S- Editor Wang J L- Editor Lutze M E- Editor Bi L
Published online Aug 28, 2006. doi: 10.3748/wjg.v12.i32.5140
Revised: July 20, 2005
Accepted: July 28, 2005
Published online: August 28, 2006
AIM: To analyze the biological effects of prolonged in vitro exposure of HT-29 and LoVo colon cancer cell lines to gefitinib (Iressa™), an inhibitor of epidermal growth factor receptor (EGFR) activity, and ZD6474, an inhibitor of both KDR and EGFR activities.
METHODS: Cells were treated with each drug for up to 2 wk using either a continuous or an intermittent (4 d of drug exposure followed by 3 d of washout each week) schedule.
RESULTS: In both cell types, prolonged exposure (up to 14 d) to gefitinib or ZD6474 produced a similar inhibition of cell growth that was persistent and independent of the treatment schedule. The effects on cell growth were associated with a pronounced inhibition of p-EGFR and/or p-KDR expression. Treatment with gefitinib or ZD6474 also inhibited the expression of EGFR downstream signal molecules, p-Erk1/2 and p-Akt, although the magnitude of these effects varied between treatments and cell lines. Furthermore, expression of the drug resistance-related protein ABCG2 was shown to significantly increase after 14 d of continuous exposure to the two drugs.
CONCLUSION: We conclude that long-term exposure of colon cancer cells to gefitinib and ZD6474 does not modify their cytotoxic effects but it might have an effect on sensitivity to classical cytotoxic drugs.
- Citation: Azzariti A, Porcelli L, Xu JM, Simone GM, Paradiso A. Prolonged exposure of colon cancer cells to the epidermal growth factor receptor inhibitor gefitinib (Iressa™) and to the antiangiogenic agent ZD6474: Cytotoxic and biomolecular effects. World J Gastroenterol 2006; 12(32): 5140-5147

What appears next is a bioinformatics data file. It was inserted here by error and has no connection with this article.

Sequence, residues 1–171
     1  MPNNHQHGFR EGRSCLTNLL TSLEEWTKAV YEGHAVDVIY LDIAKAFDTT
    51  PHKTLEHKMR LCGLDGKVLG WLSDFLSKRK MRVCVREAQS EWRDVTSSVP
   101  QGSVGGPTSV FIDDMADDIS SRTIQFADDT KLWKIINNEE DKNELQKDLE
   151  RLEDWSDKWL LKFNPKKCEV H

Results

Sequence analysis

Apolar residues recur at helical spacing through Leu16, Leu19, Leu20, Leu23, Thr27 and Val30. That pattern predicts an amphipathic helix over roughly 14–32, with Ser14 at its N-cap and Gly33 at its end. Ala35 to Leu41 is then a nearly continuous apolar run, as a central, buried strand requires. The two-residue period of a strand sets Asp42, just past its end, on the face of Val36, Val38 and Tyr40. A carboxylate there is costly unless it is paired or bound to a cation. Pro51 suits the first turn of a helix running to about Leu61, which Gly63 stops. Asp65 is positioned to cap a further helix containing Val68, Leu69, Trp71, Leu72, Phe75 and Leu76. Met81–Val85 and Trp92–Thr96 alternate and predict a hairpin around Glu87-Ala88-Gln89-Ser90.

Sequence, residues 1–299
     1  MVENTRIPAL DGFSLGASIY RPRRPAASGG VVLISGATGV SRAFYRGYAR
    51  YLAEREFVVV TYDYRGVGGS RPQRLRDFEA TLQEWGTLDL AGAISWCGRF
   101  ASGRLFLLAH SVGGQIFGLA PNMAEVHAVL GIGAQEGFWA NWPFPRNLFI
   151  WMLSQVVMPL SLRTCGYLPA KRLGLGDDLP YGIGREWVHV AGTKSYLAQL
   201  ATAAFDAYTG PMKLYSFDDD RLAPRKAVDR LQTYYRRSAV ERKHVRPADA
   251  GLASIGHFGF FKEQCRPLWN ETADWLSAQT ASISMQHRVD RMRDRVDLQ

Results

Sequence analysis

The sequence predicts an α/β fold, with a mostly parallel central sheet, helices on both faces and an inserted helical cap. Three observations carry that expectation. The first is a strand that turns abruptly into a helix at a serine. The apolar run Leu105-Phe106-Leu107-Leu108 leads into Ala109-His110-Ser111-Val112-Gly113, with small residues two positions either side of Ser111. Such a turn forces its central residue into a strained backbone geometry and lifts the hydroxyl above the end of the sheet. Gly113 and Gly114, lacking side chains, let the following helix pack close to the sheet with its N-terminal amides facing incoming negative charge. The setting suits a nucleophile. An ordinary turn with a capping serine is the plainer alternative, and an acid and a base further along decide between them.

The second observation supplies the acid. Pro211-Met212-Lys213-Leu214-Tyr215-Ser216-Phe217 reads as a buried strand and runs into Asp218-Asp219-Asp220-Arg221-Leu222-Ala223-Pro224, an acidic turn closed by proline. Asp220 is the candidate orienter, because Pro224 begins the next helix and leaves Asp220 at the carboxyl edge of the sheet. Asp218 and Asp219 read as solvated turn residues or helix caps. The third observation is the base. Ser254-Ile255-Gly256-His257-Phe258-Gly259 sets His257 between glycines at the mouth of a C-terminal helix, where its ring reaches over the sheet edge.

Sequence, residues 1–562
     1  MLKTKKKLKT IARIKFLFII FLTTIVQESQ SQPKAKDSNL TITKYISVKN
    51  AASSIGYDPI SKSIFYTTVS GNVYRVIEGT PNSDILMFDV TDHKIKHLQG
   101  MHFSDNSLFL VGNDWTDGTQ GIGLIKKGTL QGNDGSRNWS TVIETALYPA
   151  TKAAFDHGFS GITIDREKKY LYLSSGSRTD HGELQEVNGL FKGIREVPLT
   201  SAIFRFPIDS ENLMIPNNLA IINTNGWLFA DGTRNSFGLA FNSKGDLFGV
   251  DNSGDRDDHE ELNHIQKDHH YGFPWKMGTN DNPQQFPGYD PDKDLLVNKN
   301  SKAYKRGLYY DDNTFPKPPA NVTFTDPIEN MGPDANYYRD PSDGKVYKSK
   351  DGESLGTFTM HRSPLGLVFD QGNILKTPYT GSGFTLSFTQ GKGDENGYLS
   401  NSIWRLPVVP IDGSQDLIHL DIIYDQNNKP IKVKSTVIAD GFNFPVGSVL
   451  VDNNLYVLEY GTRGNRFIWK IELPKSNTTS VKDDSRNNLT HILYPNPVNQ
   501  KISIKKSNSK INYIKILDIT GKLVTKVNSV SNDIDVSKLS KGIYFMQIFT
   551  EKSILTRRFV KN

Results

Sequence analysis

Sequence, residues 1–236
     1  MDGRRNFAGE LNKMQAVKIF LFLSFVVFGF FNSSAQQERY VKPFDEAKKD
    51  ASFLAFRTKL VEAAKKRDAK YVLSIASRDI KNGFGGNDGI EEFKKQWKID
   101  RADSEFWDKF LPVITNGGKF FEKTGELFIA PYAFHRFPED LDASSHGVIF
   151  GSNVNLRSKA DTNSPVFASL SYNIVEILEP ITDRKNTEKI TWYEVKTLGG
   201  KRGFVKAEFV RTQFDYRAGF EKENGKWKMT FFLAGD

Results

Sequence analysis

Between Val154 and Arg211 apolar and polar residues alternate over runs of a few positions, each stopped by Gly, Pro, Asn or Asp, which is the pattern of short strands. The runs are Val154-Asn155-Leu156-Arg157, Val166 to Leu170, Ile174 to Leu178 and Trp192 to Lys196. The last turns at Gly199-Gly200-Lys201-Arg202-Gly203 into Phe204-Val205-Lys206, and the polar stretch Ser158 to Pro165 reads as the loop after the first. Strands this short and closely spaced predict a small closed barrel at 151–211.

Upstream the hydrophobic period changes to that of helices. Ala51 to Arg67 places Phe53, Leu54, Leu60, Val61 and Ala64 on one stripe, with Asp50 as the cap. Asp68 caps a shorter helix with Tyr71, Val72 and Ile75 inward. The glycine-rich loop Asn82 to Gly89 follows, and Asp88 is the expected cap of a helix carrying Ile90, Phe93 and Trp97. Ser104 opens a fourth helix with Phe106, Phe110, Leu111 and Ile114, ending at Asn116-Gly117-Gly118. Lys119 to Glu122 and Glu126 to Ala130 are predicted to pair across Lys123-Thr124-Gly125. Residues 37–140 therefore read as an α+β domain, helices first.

- URL: https://www.wjgnet.com/1007-9327/full/v12/i32/5140.htm
- DOI: https://dx.doi.org/10.3748/wjg.v12.i32.5140
Recently, a greater understanding of the molecular basis of cancer has fostered the development of rationally designed molecular-targeted therapies with agents that have been shown to prevent cell proliferation, differentiation and survival through the inhibition of receptor tyrosine kinases (TKs), such as epidermal growth factor receptor-1 (EGFR) and vascular endothelial growth factor receptors (VEGFRs)[1,2].
Drugs that specifically target these receptors act via inactivation of the tyrosine kinase function of EGFR receptors resulting in lack of recruitment and phosphorylation of several intracellular substrates. A major downstream signalling route involved in this process is the Ras-Raf-MAPK pathway finally leading to ERK1 and 2 inactivation[3,4]. Another important target in EGFR signalling is PI3K and the downstream AKT protein transducing signals to the cascade of survival and motility[5,6]. Recently, the relevant role of the oncosuppressor gene PTEN in uncoupling some of these signalling pathways and thus generating gefitinib resistance has also been stressed.